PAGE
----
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ANALYSIS: US Republican waits in the wings to scuttle Iran nuclear deal

The world is expecting the Vienna talks to be extended, but this will leave the deal's fate at the mercy of the Republican Party?
The incoming Senate Minority leader Mitch McConnell (R-KY) may tank any nuclear deal if new March deadline agreed (AFP)

On 24 November, a landmark deal exchanging of US sanctions relief for further Iranian nuclear transparency might be sealed, opening the door for greater dialogue between the intractable enemies.

Short of that, the deadline will almost certainly be extended once again, putting future diplomacy at the mercy of the US Congress which, thanks to the November mid-terms will soon be dominated by Iran hawks, many of whom appear to be acting only to deny Obama any successes, anywhere, anyhow.

Analysts both in Iran and in the West believe that if no deal is done and the deadline is extended – as was widely rumoured had already happened earlier this week - Iran will walk away from the negotiations unless some confidence-building progress is “locked in” in a partial deal on 24 November.

“Postponement only becomes significant and unsustainable if it extends the negotiation into the new congressional session [February 2015],” said Professor Farideh Farhi, an Iran scholar formerly at Tehran University and now at the University of Hawaii.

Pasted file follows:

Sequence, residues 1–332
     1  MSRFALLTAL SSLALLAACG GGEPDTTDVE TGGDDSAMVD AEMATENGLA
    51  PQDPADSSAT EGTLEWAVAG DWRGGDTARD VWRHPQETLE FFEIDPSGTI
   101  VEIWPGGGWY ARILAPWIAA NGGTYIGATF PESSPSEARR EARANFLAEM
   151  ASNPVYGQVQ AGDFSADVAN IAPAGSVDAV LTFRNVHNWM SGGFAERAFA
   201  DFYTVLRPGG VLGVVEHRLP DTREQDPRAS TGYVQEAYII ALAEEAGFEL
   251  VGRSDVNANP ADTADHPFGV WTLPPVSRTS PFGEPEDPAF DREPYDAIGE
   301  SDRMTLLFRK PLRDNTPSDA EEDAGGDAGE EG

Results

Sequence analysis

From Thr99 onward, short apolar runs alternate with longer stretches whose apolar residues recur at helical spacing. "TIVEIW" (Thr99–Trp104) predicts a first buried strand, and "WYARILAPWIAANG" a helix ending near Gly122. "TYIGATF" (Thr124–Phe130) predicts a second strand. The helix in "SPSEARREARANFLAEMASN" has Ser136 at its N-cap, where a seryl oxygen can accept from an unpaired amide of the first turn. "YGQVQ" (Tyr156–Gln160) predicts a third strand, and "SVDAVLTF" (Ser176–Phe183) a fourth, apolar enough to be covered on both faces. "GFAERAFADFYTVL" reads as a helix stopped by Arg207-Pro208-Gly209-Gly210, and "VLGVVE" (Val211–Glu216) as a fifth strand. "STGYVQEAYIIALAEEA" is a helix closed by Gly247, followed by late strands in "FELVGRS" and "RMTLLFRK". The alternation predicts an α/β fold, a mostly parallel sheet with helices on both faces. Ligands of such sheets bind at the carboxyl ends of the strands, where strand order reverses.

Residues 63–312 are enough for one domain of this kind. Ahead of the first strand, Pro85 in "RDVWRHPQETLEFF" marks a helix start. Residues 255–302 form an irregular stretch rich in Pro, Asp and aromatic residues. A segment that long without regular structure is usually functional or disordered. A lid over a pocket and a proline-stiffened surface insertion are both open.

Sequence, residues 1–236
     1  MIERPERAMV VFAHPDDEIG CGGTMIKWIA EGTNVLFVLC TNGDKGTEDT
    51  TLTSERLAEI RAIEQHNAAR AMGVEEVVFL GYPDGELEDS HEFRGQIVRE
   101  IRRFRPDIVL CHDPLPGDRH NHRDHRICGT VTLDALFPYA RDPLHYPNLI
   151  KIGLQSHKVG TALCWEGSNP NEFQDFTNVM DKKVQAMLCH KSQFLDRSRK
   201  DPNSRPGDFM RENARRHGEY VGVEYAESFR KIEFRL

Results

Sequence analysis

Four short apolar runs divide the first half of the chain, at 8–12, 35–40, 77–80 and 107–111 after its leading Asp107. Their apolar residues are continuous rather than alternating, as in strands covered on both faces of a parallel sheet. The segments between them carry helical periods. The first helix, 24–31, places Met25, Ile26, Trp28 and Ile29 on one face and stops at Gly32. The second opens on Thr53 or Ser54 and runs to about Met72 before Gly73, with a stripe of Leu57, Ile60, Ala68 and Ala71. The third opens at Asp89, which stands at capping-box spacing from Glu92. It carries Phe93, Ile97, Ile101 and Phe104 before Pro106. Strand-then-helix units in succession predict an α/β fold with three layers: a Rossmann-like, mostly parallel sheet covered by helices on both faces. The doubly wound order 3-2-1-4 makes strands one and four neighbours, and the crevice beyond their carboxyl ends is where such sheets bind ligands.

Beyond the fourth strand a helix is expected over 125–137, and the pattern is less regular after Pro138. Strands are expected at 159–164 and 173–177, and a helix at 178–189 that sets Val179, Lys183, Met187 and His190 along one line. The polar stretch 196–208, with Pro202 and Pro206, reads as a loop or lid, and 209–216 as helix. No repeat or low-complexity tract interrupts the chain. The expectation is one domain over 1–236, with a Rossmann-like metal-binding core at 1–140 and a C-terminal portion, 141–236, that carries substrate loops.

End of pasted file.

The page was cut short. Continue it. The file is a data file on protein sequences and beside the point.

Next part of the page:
“This is why I do not think the Iranian team will accept such delays. This doesn't mean that I am foreseeing a breakdown; rather that a mere delay under the same terms will be difficult to sustain in Washington and Tehran.”

The concern is widespread. “Putting off a deal yet again would, in fact, produce a perilous slide back towards crisis and confrontation,” Gary Sick who served on the National Security Council under Presidents Ford, Carter, and Reagan and was the principal White House aide for Iran during the Iranian Revolution and the hostage crisis told Politico.

Fresh from their mid-term win more two weeks ago and wary of the upcoming deadline for the nuclear negotiations, Republicans have snapped into action on Capitol Hill, in what the Iranian press termed the "Shadow of elephants on the negotiation table" (a reference to the Republican Party symbol).